Being a public transit person creates a lot of conversation, especially with people living in urban centers.  Everyone has a public transit story, or complaint, or idea.  Transit is the great commonality in cities, not merely as conversation, but as public space and property as well.  It is this latter piece, as public property and space that mystifies some people.

At least a handful of people have argued to me that public transit should be privatized or at least support itself financially without any sort of public subsidy.  Ironically, these seem to frequently be the same people that are upset that public transit has not made one sort of accommodation or another, whether it is for the handicapped, or enough service, or insufficient cleanliness.

I am in no way against economic efficiency in the sense that transit systems should work to keep costs down.  However it is problematic when transit systems are expected to fend for themselves financially (as Governor Christie seems to desire for NJ Transit).  Such a system results in a terrible combination of higher fares, less service, and greater inaccessibility for those who least can afford such cutbacks.

The Chicago Reader recently featured a fantastic history of the early years of the CTA.  Robert Loerzel wrote a very-well researched story of how transit systems operated in Chicago from the mid-nineteenth century until the period of public ownership of the urban rails in the mid-twentieth century.  Loerzel used this history to illustrate how private ownership of utilities frustrates public purposes.  Moreover, especially in this era of governmental criticism, he demonstrates why reformers sought public ownership of utilities, including public transit, in the first place.  A great summary quote:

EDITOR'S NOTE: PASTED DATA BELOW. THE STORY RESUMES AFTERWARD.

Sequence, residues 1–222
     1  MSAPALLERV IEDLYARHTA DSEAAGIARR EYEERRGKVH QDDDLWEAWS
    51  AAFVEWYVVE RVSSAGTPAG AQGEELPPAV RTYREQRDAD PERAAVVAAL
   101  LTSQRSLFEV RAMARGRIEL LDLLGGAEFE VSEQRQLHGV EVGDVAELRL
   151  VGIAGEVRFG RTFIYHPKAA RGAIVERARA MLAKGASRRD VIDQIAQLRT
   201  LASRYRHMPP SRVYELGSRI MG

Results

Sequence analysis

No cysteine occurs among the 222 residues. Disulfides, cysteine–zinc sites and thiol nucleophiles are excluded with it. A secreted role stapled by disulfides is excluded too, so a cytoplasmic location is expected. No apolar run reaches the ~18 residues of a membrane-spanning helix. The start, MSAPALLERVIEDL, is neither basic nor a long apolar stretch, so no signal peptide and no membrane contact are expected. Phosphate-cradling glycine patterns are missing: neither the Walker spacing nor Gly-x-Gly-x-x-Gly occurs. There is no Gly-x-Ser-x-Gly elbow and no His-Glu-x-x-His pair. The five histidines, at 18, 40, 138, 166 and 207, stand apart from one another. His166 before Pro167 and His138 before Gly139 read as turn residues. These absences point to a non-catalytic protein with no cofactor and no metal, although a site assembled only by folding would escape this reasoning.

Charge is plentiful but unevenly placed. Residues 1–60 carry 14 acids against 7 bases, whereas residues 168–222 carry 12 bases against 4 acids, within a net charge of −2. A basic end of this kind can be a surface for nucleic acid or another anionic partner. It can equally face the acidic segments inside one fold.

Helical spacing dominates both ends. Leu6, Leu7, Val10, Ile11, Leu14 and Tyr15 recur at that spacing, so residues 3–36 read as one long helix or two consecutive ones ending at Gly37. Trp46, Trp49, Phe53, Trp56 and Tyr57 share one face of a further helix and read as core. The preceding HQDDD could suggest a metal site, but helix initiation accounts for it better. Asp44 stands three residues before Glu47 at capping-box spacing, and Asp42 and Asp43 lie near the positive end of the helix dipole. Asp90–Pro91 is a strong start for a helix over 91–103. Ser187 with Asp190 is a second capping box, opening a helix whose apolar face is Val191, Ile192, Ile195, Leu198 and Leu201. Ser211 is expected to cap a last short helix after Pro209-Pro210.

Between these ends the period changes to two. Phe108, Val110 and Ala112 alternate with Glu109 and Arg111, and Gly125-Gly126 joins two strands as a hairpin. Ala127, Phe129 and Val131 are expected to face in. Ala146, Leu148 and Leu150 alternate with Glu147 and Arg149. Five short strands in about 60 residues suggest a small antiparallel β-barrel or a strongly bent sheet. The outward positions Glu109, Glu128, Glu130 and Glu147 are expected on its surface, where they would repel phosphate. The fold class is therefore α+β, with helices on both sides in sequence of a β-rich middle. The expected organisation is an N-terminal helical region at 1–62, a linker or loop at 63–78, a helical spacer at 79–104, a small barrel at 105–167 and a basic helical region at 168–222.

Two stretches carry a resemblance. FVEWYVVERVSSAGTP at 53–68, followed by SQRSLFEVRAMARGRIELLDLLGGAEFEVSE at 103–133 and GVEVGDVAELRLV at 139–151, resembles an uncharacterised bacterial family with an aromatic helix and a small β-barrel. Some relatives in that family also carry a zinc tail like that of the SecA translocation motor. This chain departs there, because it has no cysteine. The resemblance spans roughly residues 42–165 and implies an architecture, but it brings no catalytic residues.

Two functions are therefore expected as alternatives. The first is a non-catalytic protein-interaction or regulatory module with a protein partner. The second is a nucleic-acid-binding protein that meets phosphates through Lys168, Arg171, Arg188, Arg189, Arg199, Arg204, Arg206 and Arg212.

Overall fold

The dream of municipal ownership finally became a reality in 1947, when the Chicago Transit Authority was formed to take over the bankrupt transit lines. Finding enough money to run the CTA has been a problem ever since. “A transit system that was unable to survive on fares as a private enterprise was somehow expected to do so as a public entity in a declining market,” Young wrote. The all-time high for public-transit use in Chicago was the late 1920s, he says, when the city’s streetcars, buses, and trains annually handled more than 1.1 billion rides. In 2009 the CTA handled 521 million rides, not quite half as many.

This history is not unique to Chicago and Loerzel’s article is informative for residents of all cities, not just Chicagoans.   Moreover, the lessons regarding transit apply to all public services (e.g. police, health care, roads, energy, water, etc.).

Based on those of my peers who have suggested privatizing transit I think many are just deluded by Reaganomics.  The others who believe more sincerely in privatization usually have more sinister anti-urban or racist or classist goals that go along with cutbacks in public transportation.

In these tough financial times it is difficult to find money for all services.  However, suggestions to privatize our public transportation systems is not the answer to our woes.  Private companies will not put people first, but rather profits.  The good of our cities depends on continuing investment (and reasonable expectations of sound fiscal policy with that investment) in our great public properties and spaces, our transportation systems.